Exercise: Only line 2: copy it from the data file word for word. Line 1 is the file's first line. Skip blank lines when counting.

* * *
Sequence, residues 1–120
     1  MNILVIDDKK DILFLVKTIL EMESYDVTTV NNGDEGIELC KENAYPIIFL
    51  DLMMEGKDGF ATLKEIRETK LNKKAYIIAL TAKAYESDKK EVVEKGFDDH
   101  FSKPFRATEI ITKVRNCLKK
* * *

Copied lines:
     1  MNILVIDDKK DILFLVKTIL EMESYDVTTV NNGDEGIELC KENAYPIIFL